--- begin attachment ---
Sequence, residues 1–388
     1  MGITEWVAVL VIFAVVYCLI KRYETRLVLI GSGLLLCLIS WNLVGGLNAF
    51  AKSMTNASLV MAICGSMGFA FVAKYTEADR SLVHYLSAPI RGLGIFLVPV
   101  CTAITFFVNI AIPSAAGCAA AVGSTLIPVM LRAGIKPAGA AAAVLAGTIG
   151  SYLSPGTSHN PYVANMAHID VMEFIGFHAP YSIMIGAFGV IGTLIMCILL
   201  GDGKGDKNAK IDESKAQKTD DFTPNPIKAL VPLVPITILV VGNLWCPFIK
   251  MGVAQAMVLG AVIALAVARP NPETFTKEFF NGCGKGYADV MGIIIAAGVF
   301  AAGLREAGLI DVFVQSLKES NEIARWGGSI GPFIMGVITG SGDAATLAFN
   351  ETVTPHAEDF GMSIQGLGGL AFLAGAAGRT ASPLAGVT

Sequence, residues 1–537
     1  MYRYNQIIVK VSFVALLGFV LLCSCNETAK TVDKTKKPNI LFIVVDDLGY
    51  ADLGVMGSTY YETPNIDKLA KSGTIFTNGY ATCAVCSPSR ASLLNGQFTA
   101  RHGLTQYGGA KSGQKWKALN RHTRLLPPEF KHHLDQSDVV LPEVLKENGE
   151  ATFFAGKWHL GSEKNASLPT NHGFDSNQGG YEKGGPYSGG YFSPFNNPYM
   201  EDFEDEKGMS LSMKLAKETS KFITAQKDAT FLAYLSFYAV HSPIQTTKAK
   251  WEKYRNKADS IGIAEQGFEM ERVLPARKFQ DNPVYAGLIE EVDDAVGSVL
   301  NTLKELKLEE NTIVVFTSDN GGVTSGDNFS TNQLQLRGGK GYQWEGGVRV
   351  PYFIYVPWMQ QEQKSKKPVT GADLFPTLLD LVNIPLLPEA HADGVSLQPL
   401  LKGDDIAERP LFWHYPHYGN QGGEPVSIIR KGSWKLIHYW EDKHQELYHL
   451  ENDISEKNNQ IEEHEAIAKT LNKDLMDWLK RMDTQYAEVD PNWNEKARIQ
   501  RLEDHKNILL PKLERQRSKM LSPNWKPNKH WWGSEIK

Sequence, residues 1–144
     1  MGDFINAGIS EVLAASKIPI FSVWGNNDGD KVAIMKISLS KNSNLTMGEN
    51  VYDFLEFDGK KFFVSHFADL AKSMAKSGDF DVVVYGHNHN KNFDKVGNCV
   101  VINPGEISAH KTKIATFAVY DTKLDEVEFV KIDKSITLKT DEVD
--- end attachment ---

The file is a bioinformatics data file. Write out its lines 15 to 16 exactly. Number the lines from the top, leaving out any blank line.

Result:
   201  EDFEDEKGMS LSMKLAKETS KFITAQKDAT FLAYLSFYAV HSPIQTTKAK
   251  WEKYRNKADS IGIAEQGFEM ERVLPARKFQ DNPVYAGLIE EVDDAVGSVL